Bill eliminating smart devices in Vermont schools hopes to improve student health — but education leaders aren’t so sure

People using cellphones. Photo courtesy of Federal Bureau of Investigations

The bill would dramatically limit the use of electronic devices, digital platforms and more in all Vermont schools.

by Holly Sullivan, Community News Service Laura Derriendinger wants to protect Vermont children from social media, or as she defined it to Senate education committee members Jan. 26, “a toxic rabbit hole.”

“There are class-action lawsuits against social media companies on behalf of parents whose children have died because of direct product exposure to these different social medias,” said Derriendinger, a mother and nurse who serves as a planning commissioner and town health officer in Middletown Springs. “While these products have become a norm, what the science is telling us now is that it’s not a safe or a healthy norm, especially for our children.”

Derriendinger, along with other Rutland-area citizens, recently approached Sen. Terry Williams, R-Rutland, asking for a bill limiting digital technology in schools. 

The result: Williams and other legislators introduced S.284, which would dramatically limit the use of electronic devices, digital platforms and more in all Vermont schools. The bill has drawn testimony across several committee meetings in recent weeks, including from high-profile voices such as Vermont Attorney General Charity Clark.

If passed, the bill would require schools to create policies banning student use of personal smart devices and cellphones, prohibit teachers and school officials from using social media in lessons or for announcements and allow students to opt out of using electronic devices, the internet and more.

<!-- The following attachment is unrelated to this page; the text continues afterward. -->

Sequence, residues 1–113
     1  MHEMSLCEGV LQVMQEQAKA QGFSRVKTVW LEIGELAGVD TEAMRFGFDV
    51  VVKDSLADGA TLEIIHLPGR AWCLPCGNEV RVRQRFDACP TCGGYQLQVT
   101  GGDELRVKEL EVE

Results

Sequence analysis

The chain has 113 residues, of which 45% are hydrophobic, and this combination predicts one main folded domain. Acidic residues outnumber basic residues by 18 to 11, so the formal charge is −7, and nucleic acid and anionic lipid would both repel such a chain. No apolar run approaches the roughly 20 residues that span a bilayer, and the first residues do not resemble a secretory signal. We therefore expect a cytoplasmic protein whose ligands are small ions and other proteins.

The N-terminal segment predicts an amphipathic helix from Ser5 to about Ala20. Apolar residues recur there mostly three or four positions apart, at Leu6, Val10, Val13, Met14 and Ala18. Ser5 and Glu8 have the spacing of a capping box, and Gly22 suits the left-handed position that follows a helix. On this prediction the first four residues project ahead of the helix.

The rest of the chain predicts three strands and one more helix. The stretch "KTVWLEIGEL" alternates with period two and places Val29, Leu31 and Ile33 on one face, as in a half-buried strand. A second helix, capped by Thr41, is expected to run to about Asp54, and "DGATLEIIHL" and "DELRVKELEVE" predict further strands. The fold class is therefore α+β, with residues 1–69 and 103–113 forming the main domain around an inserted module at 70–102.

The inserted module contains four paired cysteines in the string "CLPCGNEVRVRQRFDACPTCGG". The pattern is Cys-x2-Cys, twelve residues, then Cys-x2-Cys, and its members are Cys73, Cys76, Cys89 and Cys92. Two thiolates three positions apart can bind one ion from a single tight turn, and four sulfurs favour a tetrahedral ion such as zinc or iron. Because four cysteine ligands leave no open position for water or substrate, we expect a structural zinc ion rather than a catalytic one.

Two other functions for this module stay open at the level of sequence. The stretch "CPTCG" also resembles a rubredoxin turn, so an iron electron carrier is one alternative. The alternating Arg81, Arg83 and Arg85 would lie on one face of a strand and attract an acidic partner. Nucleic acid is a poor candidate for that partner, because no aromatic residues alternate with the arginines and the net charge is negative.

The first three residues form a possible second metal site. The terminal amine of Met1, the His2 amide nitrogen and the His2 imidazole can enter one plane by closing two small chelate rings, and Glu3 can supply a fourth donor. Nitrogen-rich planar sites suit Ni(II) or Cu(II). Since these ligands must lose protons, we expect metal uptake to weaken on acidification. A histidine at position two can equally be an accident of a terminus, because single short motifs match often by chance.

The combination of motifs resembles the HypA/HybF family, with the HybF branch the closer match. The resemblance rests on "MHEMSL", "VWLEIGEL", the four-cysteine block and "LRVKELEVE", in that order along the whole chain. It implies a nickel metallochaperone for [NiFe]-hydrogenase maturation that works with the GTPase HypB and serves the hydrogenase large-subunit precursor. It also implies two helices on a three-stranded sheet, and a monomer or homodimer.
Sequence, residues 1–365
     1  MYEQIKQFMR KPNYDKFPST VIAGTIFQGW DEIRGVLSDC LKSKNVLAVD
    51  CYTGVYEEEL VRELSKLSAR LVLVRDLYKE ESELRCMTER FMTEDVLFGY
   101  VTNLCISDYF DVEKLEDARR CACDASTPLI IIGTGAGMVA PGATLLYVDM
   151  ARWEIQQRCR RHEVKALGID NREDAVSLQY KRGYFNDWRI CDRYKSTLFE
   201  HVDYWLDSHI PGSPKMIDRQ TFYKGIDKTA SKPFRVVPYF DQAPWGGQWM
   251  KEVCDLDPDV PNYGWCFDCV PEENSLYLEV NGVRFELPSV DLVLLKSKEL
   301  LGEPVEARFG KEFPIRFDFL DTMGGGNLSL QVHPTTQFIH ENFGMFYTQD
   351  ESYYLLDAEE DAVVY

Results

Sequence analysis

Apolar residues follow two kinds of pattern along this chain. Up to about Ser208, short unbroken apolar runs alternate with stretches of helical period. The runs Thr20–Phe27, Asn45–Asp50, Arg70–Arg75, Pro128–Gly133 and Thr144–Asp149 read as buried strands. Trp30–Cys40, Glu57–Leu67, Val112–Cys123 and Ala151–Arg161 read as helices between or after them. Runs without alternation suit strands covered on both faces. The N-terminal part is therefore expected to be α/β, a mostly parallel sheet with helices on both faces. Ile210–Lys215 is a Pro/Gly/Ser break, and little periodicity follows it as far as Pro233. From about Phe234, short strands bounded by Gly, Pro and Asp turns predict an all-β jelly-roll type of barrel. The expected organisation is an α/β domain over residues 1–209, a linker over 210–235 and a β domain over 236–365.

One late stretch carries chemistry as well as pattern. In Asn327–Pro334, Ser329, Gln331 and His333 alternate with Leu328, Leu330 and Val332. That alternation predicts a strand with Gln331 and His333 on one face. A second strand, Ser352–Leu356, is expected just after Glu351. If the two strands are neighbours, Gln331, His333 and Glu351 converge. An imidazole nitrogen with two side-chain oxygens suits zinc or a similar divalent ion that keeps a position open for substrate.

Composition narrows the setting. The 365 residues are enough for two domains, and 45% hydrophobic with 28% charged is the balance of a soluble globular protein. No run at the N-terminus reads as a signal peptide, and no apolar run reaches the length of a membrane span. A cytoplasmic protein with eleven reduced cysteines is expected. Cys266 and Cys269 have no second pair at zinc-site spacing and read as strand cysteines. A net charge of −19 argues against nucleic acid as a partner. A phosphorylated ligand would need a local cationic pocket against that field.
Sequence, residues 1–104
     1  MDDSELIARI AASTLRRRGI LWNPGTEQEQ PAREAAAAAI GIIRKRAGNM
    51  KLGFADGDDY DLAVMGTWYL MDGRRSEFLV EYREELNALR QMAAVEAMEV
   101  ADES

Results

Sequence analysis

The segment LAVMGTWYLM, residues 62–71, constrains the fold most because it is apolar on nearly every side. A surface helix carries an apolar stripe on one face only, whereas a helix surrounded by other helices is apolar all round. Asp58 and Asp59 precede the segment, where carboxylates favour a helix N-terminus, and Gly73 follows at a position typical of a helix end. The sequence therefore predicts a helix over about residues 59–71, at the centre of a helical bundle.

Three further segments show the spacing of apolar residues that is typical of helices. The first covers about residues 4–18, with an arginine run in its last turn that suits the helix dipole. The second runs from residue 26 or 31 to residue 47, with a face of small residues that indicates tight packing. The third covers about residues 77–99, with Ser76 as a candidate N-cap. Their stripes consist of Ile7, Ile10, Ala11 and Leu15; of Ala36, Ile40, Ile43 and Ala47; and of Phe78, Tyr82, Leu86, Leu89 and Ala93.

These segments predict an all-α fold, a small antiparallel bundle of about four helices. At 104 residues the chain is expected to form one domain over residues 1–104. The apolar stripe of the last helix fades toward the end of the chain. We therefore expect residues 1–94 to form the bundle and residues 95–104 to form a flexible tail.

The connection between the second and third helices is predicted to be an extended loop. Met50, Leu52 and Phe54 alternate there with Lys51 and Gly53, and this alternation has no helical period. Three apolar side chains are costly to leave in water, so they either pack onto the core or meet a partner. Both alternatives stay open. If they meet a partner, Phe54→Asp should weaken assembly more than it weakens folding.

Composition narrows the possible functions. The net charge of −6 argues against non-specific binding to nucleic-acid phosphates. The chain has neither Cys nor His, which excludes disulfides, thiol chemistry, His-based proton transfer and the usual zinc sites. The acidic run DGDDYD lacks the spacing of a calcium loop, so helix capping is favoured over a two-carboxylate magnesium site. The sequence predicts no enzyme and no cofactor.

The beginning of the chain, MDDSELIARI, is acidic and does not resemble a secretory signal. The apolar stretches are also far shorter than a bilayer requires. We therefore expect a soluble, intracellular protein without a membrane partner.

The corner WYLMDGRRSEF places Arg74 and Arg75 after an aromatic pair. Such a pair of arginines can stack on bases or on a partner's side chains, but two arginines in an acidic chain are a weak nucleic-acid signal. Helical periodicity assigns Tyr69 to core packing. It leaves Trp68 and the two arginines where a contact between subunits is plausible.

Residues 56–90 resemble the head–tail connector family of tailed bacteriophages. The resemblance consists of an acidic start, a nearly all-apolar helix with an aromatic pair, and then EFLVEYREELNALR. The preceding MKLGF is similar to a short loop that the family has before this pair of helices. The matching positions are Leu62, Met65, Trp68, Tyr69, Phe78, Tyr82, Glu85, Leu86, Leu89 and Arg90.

The latter policies would be developed by districts and require schools to provide students alternative activities or instruction methods.   

“They’re an amazing group of young women,” Williams explained in an interview. “Basically, one of them homeschools her children. And I said, ‘So, what’s your ask? Why do you want me to do this?’ (She said), ‘Because I’m homeschooling my children. I’d really like to get them back in the school, but I’m concerned about the presence of electronic devices in school.’”

The legislation, Williams told Community News Service, “aims to improve the environments of schools, to promote mental health and wellness.”

S.284 would require all Vermont schools to create policies prohibiting students from accessing their electronic devices during the school day. A policy might prohibit students from bringing those devices entirely, require students to keep them in a designated spot or involve putting the devices in lockers or a sealed pouch, legislative counsel Beth St. James told Senate education committee members Jan. 26.

Sen. David Weeks, R-Rutland, another of the bill’s sponsors, clarified that S.284 has exemptions for students who use their smart devices for medical purposes. “One example of a medical exemption, a student may have a diabetes monitoring app on their phone,” Weeks said via email.